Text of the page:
At its best, Toni Erdmann is a touching exploration of a father-daughter relationship punctuated by ridiculous comedic set pieces. Though the comedy relies on certain outlandish images as building blocks, it still feels authentic and true to the characters’ situations. A lot of the credit for that goes to the two leads–Sandra Huller and Peter Simonischek–both of whom understand the comedy in their characters and the undercurrent of sadness driving that comedy. I’ll be adding Huller to the list of people who deserve Best Actress over Natalie Portman.
That aside, where the film stumbles a bit is in its corporate-centric commentary. Not that it’s not important in the story: the conflict between the cold, profit-driven, sexism-laced business world and the slapstick humor of Ines’s youth is what allows Ines and her father to serve as foils for each other. In addition, there is undoubtedly some valuable social commentary peppered throughout. The problem is that a large chunk of the 162-minute runtime is spent on corporate dealings and satire that is oftentimes only mildly insightful; as a result, we run into lulls in the story. The film deserves a lot of credit, though, for making that behemoth of a comedy runtime feel shorter than it actually is.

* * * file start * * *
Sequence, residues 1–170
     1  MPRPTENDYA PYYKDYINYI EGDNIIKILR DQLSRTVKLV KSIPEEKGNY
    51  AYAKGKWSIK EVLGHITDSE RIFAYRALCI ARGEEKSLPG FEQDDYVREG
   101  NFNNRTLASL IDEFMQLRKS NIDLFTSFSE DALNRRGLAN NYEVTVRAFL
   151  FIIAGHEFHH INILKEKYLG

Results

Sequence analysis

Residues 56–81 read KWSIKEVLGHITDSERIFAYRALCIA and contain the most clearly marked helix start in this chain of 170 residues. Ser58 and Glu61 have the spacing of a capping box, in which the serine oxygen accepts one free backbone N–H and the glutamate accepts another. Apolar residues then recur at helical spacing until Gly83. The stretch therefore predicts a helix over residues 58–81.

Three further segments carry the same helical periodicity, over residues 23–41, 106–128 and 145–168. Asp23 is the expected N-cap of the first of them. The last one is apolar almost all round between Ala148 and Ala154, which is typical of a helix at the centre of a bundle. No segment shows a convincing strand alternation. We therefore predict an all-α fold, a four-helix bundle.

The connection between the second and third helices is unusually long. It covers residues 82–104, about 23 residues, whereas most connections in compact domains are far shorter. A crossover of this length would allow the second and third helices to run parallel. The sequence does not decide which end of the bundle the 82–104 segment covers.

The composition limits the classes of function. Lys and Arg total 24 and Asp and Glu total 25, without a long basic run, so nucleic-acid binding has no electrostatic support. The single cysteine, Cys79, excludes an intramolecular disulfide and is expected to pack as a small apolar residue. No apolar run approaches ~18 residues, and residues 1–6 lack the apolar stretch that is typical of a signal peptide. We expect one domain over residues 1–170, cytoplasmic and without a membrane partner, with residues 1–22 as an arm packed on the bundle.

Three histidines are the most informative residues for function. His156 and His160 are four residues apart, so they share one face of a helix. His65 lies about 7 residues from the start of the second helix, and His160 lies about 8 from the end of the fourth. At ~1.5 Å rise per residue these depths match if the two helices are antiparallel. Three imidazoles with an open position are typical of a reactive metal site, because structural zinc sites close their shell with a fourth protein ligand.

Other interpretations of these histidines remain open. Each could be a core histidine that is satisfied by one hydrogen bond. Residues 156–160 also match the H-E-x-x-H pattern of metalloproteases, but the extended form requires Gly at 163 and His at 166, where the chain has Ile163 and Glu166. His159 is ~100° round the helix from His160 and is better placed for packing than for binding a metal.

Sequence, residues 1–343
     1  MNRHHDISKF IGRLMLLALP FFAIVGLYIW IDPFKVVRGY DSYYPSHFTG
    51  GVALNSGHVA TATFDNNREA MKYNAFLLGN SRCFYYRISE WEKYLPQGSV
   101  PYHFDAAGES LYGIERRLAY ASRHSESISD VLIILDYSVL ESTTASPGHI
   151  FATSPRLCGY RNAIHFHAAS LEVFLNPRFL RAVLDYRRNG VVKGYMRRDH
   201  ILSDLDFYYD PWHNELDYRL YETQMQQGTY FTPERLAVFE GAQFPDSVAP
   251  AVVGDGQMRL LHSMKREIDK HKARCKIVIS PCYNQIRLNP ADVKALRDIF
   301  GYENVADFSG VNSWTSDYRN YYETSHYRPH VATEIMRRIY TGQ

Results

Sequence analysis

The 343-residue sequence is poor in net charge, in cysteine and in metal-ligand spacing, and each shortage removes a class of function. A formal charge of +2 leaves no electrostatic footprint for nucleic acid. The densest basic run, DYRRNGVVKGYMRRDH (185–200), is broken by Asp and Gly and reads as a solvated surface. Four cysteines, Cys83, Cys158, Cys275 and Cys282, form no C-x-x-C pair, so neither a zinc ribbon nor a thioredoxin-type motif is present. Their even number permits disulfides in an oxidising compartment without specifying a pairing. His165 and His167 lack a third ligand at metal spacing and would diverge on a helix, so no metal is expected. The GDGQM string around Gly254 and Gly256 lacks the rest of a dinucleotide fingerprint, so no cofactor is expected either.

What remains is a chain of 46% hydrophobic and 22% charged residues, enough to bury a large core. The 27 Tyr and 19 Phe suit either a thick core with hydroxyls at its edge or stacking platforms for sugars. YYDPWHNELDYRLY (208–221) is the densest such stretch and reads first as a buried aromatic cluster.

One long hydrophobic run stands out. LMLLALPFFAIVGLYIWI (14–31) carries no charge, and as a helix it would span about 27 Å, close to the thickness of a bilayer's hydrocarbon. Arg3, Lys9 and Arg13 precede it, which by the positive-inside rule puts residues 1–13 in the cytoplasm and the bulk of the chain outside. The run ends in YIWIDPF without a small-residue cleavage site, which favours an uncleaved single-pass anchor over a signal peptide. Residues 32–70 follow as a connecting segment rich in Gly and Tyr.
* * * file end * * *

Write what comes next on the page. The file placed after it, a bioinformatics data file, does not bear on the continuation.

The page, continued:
Photo credit: Sony Pictures Classics